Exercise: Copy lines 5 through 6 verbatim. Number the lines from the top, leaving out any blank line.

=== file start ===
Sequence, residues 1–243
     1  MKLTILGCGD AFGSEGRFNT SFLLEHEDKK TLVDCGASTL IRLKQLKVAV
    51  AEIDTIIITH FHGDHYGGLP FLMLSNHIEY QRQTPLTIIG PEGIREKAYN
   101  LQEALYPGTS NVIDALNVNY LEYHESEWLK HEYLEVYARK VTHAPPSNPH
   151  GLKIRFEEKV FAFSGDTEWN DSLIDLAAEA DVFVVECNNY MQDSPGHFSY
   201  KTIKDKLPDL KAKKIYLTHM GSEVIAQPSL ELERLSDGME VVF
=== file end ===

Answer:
   151  GLKIRFEEKV FAFSGDTEWN DSLIDLAAEA DVFVVECNNY MQDSPGHFSY
   201  KTIKDKLPDL KAKKIYLTHM GSEVIAQPSL ELERLSDGME VVF